Besides lowering the R1T and R1S production costs with dual-motor powertrains and preparing a new LFP battery option, the automaker plans to explore premium software and advanced driver-assistance systems.
The CFO did not expand on what that might entail, but we guess it wants to go on the Tesla route. It might bring to market a competitor for FSD Beta, BlueCruise, Super Cruise, and Drive Pilot. Currently, its advanced driver-assistance system (ADAS), Driver+, is available as standard on every R1T and R1S. Soon, it might not be.
Rivian already learned how to sell unlockable power by putting around 130 hp behind a paywall. Dual-motor R1T and R1S customers who want their EVs to have an output of 665 hp need to come up with an extra $5,000. Otherwise, their vehicle will only develop 533 hp.
Now, it seems that Rivian is moving forward with its plan to make Driver+ a real competitor for other ADAS implementations out there. It doesn't want to be the first to license Tesla's FSD V12, so it lures customers into the Driver Assistance Discount program.
R1T and R1S owners who get insurance through Rivian's partner Nationwide and use Driver+ will be rewarded when they renew. No specific metrics or requirements are shared, but the young auto brand tells buyers that the more often they engage Driver+ while on highways, "the larger the reward" they could earn when updating the policy.
However, it's worth noting that Rivian clearly specifies that discounts do not apply to all coverage elements. Moreover, it underlines that "actual savings may vary by state." Thus, don't expect a major premium discount.
All this isn't something that has just now been rolled out. The automaker has been offering this perk for quite some time. What has changed is the marque actively inviting customers to partake in the program. If you haven't received an invitation yet, one might be just around the corner.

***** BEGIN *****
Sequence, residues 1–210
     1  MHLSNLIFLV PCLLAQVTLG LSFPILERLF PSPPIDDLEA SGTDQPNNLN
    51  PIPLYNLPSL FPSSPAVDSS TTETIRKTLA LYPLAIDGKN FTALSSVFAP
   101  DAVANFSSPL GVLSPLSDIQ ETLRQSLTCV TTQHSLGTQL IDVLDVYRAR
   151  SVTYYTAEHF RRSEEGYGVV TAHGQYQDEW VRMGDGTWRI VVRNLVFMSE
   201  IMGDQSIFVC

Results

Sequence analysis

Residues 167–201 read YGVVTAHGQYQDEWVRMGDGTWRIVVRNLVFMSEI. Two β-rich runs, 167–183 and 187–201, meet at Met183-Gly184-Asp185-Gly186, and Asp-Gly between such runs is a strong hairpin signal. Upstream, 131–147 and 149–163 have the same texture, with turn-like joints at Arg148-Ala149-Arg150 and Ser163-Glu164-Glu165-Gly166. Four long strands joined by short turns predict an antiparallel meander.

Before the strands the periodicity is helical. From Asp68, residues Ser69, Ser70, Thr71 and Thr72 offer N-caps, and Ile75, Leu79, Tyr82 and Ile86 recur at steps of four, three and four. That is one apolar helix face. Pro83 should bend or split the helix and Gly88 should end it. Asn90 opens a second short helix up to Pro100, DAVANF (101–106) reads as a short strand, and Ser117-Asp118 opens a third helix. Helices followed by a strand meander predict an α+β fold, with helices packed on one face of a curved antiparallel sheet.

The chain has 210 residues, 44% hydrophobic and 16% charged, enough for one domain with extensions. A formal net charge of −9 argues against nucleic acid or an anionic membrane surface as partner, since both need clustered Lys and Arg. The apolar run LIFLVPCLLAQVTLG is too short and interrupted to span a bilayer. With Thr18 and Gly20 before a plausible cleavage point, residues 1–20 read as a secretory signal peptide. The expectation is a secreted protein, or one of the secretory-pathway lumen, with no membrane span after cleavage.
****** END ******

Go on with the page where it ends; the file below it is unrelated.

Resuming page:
Rivian could be doing this to gather more and more data about its ADAS. It might also want to use customers' vehicles as test units to enhance the development of Driver+, just like Tesla is doing with FSD Beta.
But unlike Tesla, Rivian has a fleet of R1T and R1S EVs that the company's employees use specifically for ADAS development. Still, the employees are no match for how far and wide adventurous R1-series EV owners can go.
Rivian's Driver+ software uses 10 cameras, four corner radars, one forward radar, and 12 ultrasonic sensors to assist the person behind the steering wheel with their driving duties.
The Driver+ suite comprises the Driving Assist feature, which acts like an adaptive cruise control system that may also steer, brake, and accelerate on highways. That's what particularly interests Rivian. It wants drivers to keep the Highway Assist feature on.
Driver+ also includes:
- lane-keeping assist.
- lane departure warning.
- blind spot detection.
- automatic adjustment of the high beams.
- rear cross-traffic warning.
- trailer assist.
- forward collision warning.
- dynamic brake support.
It is a Level 2 SAE J3016 ADAS, which means the driver is always in control and liable for everything that can happen, even when the suite is fully on. Also, unlike Super Cruise or BlueCruise, the driver must keep their hands on the steering wheel at all times, even when driving on highways.
Finally, owner feedback about the Driver+ suite and the Highway Assist in particular has not been very good. Some prefer to keep it off when cruising on high-speed roads. That could be yet another reason why Rivian is tempting people with discounts to use its ADAS extensively. OTA fixes might already be on the way.